Friday, January 8, 2010

Social Media Fatigue Syndrome















"We know that all is impermanent; we know that everything wears out. Although we can buy this truth intellectually, emotionally we have a deep-rooted aversion to it. We want permanence, we expect permanence. We experience impermanence at the everyday level as frustration."--Pema Chodron, from Comfortable with Uncertainty

One of the ways that I know I'm getting older is that innovations like Facebook, MySpace, and Twitter don't really interest me. There--I've said it. I feel a sense of relief like dropping my oversize pocketbook.

I used to want nothing to do with these sites. Although it may appear otherwise--hey, I blog about my life here, don't I--I'm actually a private person in many ways, and putting all your pictures and exploits up on Facebook is like giving away the store to anyone who cares to look--even if it's years later, when there are some things you'd like to forget (or at least keep new people from discovering!) Also, I've been the victim of identity theft, and so I'm careful about how much information I give out online. And ultimately I wonder, do people really care what apple farm I visited over the weekend or what I ate for supper tonight or what newspaper article I happen to be reading? It seems like not only an exercise in navel-gazing, but also a waste of precious time I could be using reading or emailing a friend a long, personalized message.

The young women who sit near me at work, however, are very fluent in social media; to them social media is like America Online was to me ten years ago. I've been trying to wrap my head around how to incorporate social media into both my work as a publicist and for my own blog. But for some reason, whenever I start to read a book like Groundswell or listen to a Cision webinar about Internet 2.0, I get this dizzy, spacey feeling, like someone who swallows too much chlorine. I take copious notes, I highlight and bookmark and tag, but the fact is--there is too much information out there, the web is continuosly growing and spreading (there's a reason they call it viral) and I can't keep up with it all!

I guess this is what the older folks meant whenever they get nostalgic for the more simple times, when movies cost 5 cents and you could watch as many as you wanted, or when people all had the same four TV channels so the next day everyone was talking about the same plot points from the same shows. There was a point when I decided I liked the old and familiar and feared the new--maybe it was around the time that I realized I was the demographic Starbucks was targeting with their Retro 80's CDs at the cashwrap. Those are certainly not for the kid on line with the earbuds and Tavo gloves. Or when I noticed that I was the only one in the dusty, half-filled CD aisles in Borders.

In order to live fully in the present, I need to not only accept changes but embrace them! I can't be wishing for the 90's when it's 2010. I need to keep up, especially at work. It's a daunting task when all I really want to do is go home and read a book (print, not digital.)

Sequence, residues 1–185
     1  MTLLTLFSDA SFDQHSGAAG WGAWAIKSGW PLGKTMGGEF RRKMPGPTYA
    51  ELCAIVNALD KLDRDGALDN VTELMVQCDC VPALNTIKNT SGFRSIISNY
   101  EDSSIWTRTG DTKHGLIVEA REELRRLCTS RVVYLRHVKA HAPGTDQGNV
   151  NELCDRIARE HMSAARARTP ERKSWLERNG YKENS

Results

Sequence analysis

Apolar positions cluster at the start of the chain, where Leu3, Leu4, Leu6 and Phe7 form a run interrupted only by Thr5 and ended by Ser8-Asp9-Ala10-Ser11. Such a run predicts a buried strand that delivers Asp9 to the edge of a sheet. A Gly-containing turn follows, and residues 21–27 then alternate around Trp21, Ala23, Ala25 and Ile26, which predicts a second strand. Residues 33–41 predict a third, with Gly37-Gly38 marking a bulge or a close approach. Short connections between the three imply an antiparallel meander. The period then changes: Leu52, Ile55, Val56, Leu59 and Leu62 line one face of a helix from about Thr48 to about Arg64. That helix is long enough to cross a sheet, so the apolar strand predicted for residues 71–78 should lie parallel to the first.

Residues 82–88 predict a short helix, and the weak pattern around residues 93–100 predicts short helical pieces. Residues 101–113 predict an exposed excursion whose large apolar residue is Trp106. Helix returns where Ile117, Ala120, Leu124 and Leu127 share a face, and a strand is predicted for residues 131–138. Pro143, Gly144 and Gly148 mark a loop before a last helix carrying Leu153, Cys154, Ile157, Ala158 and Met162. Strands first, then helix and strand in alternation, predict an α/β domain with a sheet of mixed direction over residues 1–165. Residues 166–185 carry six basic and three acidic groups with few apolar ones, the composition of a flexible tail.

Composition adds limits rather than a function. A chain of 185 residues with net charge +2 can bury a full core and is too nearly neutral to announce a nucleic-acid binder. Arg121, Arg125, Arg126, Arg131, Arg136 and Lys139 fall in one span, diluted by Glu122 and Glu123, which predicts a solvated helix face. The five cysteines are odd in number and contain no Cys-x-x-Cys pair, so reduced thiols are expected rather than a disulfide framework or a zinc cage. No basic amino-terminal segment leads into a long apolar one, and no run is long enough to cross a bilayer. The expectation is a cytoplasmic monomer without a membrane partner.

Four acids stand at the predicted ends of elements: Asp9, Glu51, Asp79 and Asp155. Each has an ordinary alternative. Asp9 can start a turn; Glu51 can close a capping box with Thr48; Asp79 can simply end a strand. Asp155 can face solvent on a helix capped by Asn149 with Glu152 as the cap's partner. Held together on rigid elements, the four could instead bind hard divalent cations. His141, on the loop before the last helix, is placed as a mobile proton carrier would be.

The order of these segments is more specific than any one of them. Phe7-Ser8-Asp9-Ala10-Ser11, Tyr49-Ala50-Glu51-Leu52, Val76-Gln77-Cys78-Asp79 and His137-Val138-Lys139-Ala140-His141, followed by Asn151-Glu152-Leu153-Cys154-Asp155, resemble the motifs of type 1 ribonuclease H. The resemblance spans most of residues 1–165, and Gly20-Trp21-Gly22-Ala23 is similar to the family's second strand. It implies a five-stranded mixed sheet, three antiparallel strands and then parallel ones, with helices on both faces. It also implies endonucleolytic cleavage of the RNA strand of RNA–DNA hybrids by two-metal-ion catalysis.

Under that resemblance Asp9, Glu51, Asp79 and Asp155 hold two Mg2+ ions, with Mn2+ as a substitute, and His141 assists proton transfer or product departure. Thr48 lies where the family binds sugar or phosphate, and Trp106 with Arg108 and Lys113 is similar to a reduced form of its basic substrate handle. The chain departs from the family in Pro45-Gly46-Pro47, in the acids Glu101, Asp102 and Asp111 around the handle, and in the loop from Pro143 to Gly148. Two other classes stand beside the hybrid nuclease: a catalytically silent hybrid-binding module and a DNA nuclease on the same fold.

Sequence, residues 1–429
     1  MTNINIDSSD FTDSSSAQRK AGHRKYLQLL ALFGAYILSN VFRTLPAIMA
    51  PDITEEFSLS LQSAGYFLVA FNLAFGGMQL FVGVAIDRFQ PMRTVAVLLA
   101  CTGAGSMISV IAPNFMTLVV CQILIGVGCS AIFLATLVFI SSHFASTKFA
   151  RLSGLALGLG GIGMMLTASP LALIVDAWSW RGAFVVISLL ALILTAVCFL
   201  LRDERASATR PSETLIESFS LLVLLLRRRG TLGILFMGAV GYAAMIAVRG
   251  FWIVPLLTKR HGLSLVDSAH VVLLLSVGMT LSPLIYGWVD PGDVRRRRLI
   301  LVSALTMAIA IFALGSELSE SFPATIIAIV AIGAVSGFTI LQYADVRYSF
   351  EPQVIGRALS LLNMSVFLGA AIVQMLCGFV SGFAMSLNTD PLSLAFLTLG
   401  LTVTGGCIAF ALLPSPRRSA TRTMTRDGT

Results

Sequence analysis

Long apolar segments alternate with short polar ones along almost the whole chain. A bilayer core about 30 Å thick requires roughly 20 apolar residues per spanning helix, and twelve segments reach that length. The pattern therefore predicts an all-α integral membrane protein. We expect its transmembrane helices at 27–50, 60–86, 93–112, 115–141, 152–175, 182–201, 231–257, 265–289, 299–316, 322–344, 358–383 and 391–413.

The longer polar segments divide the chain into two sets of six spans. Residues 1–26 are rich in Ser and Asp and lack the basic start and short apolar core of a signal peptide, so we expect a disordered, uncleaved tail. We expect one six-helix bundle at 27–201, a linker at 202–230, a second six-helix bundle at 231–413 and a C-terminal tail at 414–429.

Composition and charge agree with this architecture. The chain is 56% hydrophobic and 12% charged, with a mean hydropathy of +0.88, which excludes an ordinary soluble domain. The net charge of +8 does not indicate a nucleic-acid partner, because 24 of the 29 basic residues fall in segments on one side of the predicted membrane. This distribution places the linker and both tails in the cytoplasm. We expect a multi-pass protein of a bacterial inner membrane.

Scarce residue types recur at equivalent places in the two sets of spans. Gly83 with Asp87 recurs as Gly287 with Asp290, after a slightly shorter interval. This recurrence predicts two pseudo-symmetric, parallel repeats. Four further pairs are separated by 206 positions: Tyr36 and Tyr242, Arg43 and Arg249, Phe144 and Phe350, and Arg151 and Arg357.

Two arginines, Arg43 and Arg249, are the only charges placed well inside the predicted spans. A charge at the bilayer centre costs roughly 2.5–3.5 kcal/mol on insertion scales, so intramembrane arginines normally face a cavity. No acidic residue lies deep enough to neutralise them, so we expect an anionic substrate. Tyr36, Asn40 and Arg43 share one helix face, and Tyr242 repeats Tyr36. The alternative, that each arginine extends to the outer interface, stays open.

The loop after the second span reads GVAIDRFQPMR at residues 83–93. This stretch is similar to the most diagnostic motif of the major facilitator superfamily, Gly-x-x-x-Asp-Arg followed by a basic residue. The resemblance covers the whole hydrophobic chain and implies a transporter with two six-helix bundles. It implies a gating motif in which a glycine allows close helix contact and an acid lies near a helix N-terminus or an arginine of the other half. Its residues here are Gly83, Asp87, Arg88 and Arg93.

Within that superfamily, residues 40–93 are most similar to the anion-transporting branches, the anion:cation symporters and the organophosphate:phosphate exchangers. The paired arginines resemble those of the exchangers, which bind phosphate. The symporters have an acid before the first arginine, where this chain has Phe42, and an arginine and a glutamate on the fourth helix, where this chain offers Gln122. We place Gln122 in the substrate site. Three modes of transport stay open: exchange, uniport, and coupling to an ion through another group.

This is kind of a paradox of course because I've worked for an eBook company and I've been an Internet Marketing Manager who had to learn basic HTML and figure out web banner sizing. It just seems different now--the changes have accelerated and instead of being enhancements that work alongside the old ways, they're taking over like some voracious creature that keeps doubling in size every time it eats and spits out another newspaper company.

But it's the information overload that really causes my mind to freeze up. More sites are popping up all the time, more blogs which I wouldn't mind reading but have no time to, new ways of doing business. You could spend so much time in front of a computer navigating all this new-ness that you'd forget to take a shower or eat lunch or see your friend's face (in person, not in her profile.)

But its essential to learn as much as I can if I want to stay successful at my job. Those companies that are hiring now are hiring people who understand social marketing and can bring in new ideas. The fact that I read a lot and can write a good press release and get along with authors and editors doesn't seem as valued these days. I think personal relationships happen to be just as important as having 100 followers on Twitter. But I also worry that by not keeping up with the trends, I'm going to be left behind. And that would be lonelier than sitting alone in your office, typing on your blog about how you're afraid of impermanence.

3 comments:

POD said...

My first reaction was 'oh my!'
I have seen a lot of folks along the wayside due to clinging to things staying the same.
I really think you have to make a choice. But who cares what I think? ;-)

Kris said...

I feel a sense of relief, reading your post! Ditto for me! I've been hovering over the delete button on my Facebook page for months now. Somebody has to wake up and make the move! I want the real thing-- face to face relationships and if it just isn't going to be... then I'll continue on happily talking to the birds and squirrels and whatever pieces of the living breathing world I can connect with. There's nothin' like the feel of subzero air hitting your face, or rain drops, or sunshine. If these are my last days to live I certainly don't want to waste them pushing little buttons on a box, in hopes of "connecting" with an imagined audience.

Jennifer--BuddhaPublicist said...

Thanks for your comments, POD and Kris. I realize that I may have come off a bit strong here--it's not that I'm against technology or new advances per se, just that I sometimes find myself missing the old ways.

And yes, I agree with you Kris, that's the way I'd want to go too!